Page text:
Home » London Theatre Reviews » Faceless by Selina Fillinger at Park Theatre | Review

Faceless by Selina Fillinger at Park Theatre | Review

Faceless: Photo credit Pete Le May.
Faceless: Photo credit Pete Le May.

There are few instances these days where the writing on a new play is so solid, almost nothing else matters. Selina Fillinger’s Faceless is just such a play. Following the trial of a suspected terrorist – a young white woman from Chicago who converts to Islam and tries to join ISIS – Faceless touches upon issues of religion, race, class, gender and patriotism (for starters).

It’s a provocative subject, handled delicately, intelligently and without stereotyping. Susie (Fiona Gent) converts to Islam over Twitter, and is prosecuted by a young female Muslim lawyer (Paige Round). As the case unfolds, the influence and dangers of the internet are examined in a fresh way, taking the expected machinations of a vulnerable young woman and adding layers of more serious consequences for examination. The language is witty – in turn, comedic, empathetic, provocative – and the characters are solidly drawn. Paige Round’s Clare is most certainly the heart of the production – I would watch her read shopping lists if necessary, as the performance is entirely captivating from start to finish.

The flow and pace of this production are of a particular quality; the facts of the case are expertly unveiled as we grow to learn more about this group of flawed individuals, existing not only as themselves but as stand-ins for far bigger picture concerns. What is faith? What is patriotism? What is gratitude, or freedom? How do we exert our principles in the modern world? To what extent are we responsible for the groups we are a part of? Expectations are questioned at their very core, and while the case draws to its conclusion, the audience are left with so much more to consider.

The only detractor was the slightly jarring stock photography accompanying each scene in the background; much of this change in scenario could have been achieved merely with lighting or sound and would have felt a lot more sophisticated. But it’s a small detractor – the play itself is so beautifully written and performed, it hardly matters what else accompanies it. Moments of accent slippage occurred, but again, this did not interrupt the quality and intellect of the work.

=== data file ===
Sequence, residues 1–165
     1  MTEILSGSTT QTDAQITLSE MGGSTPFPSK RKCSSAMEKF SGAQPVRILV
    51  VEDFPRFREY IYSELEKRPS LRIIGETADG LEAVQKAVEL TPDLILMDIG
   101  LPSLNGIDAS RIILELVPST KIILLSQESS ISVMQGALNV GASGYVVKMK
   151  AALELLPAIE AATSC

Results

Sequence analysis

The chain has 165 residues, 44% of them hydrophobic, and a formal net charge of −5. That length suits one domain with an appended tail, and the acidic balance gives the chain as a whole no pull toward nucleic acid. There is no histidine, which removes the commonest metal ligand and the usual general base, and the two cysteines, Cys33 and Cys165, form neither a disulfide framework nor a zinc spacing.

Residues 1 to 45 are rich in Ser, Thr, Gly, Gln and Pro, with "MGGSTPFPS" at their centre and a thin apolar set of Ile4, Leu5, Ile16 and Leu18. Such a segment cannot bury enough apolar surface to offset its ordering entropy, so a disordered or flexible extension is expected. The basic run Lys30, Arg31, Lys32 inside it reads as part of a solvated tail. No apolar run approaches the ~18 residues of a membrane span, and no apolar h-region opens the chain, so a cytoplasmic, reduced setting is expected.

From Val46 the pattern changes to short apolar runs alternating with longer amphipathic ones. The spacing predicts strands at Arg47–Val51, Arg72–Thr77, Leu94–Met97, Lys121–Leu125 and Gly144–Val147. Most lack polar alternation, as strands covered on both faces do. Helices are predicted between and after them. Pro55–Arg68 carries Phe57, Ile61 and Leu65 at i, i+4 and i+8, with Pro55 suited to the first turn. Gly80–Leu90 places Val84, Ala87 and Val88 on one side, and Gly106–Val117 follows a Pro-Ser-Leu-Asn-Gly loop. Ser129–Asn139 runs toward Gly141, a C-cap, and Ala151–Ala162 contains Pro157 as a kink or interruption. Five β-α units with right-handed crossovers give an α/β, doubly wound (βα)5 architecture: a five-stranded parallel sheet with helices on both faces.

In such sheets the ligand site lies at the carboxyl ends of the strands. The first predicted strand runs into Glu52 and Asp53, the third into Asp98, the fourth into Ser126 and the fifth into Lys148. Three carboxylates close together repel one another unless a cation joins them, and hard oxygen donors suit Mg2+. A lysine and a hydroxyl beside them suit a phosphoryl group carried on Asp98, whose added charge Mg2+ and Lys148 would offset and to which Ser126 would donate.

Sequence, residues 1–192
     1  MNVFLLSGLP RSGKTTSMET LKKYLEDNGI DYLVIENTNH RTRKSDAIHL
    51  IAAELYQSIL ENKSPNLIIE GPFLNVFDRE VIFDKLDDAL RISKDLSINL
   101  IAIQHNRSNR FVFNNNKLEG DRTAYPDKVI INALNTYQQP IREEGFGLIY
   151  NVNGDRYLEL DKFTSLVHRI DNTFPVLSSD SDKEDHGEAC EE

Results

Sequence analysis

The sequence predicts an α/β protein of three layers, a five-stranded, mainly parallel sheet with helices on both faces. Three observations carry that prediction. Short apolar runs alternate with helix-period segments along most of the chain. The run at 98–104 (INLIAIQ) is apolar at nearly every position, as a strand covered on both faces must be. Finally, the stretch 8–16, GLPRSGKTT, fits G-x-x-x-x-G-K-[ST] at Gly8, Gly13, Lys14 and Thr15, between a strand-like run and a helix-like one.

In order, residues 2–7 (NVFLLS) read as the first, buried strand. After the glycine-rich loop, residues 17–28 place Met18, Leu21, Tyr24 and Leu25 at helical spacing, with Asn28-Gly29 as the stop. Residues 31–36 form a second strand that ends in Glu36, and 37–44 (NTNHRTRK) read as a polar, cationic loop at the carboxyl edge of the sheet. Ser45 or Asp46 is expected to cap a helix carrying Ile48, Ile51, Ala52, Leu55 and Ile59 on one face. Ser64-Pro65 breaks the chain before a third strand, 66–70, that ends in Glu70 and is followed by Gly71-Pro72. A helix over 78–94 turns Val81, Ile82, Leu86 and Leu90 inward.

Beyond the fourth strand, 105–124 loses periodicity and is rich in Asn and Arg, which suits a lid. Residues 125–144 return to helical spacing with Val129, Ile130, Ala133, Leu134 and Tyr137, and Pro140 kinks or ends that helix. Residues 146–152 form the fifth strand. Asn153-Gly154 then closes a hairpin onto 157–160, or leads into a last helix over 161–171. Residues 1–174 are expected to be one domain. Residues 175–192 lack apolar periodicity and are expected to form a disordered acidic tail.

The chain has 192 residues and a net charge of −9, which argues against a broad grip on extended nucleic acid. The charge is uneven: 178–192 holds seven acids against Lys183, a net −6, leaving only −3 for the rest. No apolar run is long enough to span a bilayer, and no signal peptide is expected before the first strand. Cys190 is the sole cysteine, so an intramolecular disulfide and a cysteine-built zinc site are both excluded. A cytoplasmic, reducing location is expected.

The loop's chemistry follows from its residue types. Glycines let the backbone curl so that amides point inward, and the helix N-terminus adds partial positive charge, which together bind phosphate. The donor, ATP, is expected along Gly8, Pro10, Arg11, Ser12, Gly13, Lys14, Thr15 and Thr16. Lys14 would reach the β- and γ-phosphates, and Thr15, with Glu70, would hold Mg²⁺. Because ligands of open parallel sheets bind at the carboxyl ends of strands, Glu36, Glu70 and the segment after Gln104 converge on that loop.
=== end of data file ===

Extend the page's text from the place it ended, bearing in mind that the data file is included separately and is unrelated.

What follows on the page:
Prav MJ has directed a truly remarkable production, and the entire cast is to be congratulated for what is one of the most thought-provoking pieces of theatre to watch at the moment. I eagerly await Fillinger’s next work; her talent is undeniable. For those in the mood for a solid story, intricately and sensitively told, over another devised piece of Fringe theatre, this is the production for you. It is the best combination of a strong story, strong performances and strong thought-provoking themes. The Park Theatre is to be congratulated for supporting such a unique and worthwhile piece of theatre.

4 stars

Review by Christina Care

Directed and designed by returning director Prav MJ, Faceless highlights the power of the internet and its far-reaching consequences in the 21 st century. Inspired by a true court case¹, this insightful play follows the life of Susie, a suburban Chicago teenager who converts online from Christianity to Islam and tries to reach Syria. In the ensuing court case she finds herself portrayed as an enemy of the State and is prosecuted by a young female Muslim lawyer. Press Night is Thursday 19th April 2018.

Cast and Creative Team
Written by Selina Fillinger, Directed and Designed by Prav MJ, Composed by José Albela, Lighting Designed by Gareth Prentice, Sound Designed by Joe Dines.
Cast: Fiona Gent, Paige Round, Sam Thorpe-Spinks, Matt Mella and Fearon McElroy

FACELESS
Venue: Park 90, Park Theatre, Clifton Terrace, Finsbury Park, N4 3JP
Dates: 17 Apr – 12 May 2018

Author

  • Christina Carè

    'Christina is just another Aussie in London, writing about the arts and signing up for all the weird performance productions the city has to offer. She is Content Editor at Spotlight and tweets from @christinacare.'

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